Investor Education

Investor Education

Discovering Mutual Funds

Mutual fund basics

Millions of people choose mutual funds as a way to invest in the stock market. As you develop your investment goals and investigate different options, here’s some background information to help you understand mutual funds.

In this section:

Mutual funds are one of the best ways to invest in the stock market. Unlike investing in the stock of a single company, a mutual fund invests in a group of securities (such as stocks or bonds). A portfolio manager oversees the mutual fund and continually monitors its mix of holdings. The manager makes buy and sell decisions in order to meet the fund’s particular objective and strategies.

There are many styles, types and categories of mutual funds to choose from. This wide range of options makes mutual fund investing appropriate for most individual investing goals. Mutual funds are often used in IRAs, 401(k) plans, and other retirement savings vehicles, but they can also be used for non-retirement investing goals.

When you purchase shares in a mutual fund, you're actually buying shares of the companies that the mutual fund holds. Usually, a mutual fund's holdings—the stocks, bonds, or other securities a fund invests in—are similar in type (such as domestic or international) and category (like small cap or large cap). You can see a list of a mutual fund's holdings in its annual report.

The number of holdings in a mutual fund is the number of companies or other securities that are in the fund’s portfolio; this number will change as the fund manager decides what to buy and sell. The turnover rate of a fund measures the percentage of holdings that has been traded over the year. A high turnover rate means the fund manager shifts holdings around a lot; this can be riskier and may increase a fund's taxable distributions. A lower turnover rate is usually an indication that a portfolio manager has a "buy and hold" investment discipline, which means they have a stronger conviction in the long-term prospects of the companies they've chosen to hold in the fund.

When you invest in a mutual fund, you purchase your shares at the Net Asset Value (NAV), which is the price of one share at the close of a business day. It is also the price at which you would sell a share. One way you make money in a mutual fund is the simple difference between your buy and sell price.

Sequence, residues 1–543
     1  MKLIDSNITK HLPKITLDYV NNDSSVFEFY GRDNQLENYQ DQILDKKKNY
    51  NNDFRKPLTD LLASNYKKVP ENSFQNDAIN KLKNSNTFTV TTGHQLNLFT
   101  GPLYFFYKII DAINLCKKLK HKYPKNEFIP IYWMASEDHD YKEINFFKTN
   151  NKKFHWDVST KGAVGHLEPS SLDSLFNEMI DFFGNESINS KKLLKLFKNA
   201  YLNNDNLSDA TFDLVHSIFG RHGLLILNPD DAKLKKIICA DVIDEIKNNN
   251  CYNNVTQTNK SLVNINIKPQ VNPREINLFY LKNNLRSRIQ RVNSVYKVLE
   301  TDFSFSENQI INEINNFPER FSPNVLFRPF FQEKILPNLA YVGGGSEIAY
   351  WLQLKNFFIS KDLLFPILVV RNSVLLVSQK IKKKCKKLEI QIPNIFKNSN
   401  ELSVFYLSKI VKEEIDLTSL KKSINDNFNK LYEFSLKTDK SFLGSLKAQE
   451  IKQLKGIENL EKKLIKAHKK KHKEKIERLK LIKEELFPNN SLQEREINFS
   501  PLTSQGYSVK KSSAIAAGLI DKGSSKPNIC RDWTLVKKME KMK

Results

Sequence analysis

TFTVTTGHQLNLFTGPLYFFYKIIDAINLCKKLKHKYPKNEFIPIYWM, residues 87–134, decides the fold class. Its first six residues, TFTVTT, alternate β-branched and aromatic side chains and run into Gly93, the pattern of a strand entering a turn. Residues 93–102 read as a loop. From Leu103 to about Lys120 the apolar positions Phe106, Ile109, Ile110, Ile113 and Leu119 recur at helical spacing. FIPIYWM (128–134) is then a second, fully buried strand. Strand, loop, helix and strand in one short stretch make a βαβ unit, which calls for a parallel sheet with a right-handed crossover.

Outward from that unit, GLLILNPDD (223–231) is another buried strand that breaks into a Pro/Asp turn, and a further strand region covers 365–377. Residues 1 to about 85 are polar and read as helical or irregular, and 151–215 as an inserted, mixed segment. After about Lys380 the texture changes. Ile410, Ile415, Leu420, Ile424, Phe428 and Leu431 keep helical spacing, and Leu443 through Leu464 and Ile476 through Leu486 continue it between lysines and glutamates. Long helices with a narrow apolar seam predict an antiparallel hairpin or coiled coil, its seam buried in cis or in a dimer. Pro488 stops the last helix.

Another way mutual funds make you money is by giving fund shareholders a distribution, usually on a quarterly or an annual basis, as required by the IRS. A distribution is a payment of a dividend or capital gain. Capital gain is when a fund sells its stock holdings for more than the purchase price. Dividends are payments a portfolio holding makes to the fund out of its current or retained earnings. When a mutual fund realizes profits from capitals gains, dividends, or interest, the IRS requires the fund to distribute these profits to its shareholders at least annually. The payment of this dividend or capital gain is called a “distribution” to the shareholder. If you are a shareholder in a fund, you will be taxed on the distributions you receive from the fund.

Most mutual funds are sold by a “parent” investment company that offers a selection of funds, often referred to as a “family of mutual funds.” A fund family often encompasses a range of fund styles, portfolio types and investment categories as well as strategic objectives.

While mutual fund companies vary widely in the size and scope of offerings, it is important to research the performance track record of a company as well as its investment philosophy. Every company treats mutual fund investing a little differently and it’s important to select a company that fits with your objectives and style of investing. You can learn about The Wasatch Way of investing here.

The approach to managing a mutual fund can vary widely, both in the philosophy of a mutual fund company and in the style of individual portfolio managers. However, there are two overall categories of mutual fund management.

Active fund management takes an independent, research-centric approach to determine what holdings a fund will include. Portfolio managers actively participate in researching and analyzing investments for a fund’s portfolio.

Passive fund management is more hands off. These funds seek to match the performance and risk of an overall market or a specific sector. Passive funds are also called index funds; their holdings mirror the composition of the market or sector.

At Wasatch, we believe that active management can help our investors take advantage of inefficiencies in the market that might not be readily apparent. For instance, great company management can’t be quantitatively measured. Likewise, a company may look good on paper, but a sense of chaos or mistrust might convince a portfolio manager that the company is not a wise investment. By relying on the intelligence, experience, and intuition of our portfolio managers, Wasatch Funds believes active fund management adds significant value over passive or index funds. Read more about our fund management style in the Wasatch Way here.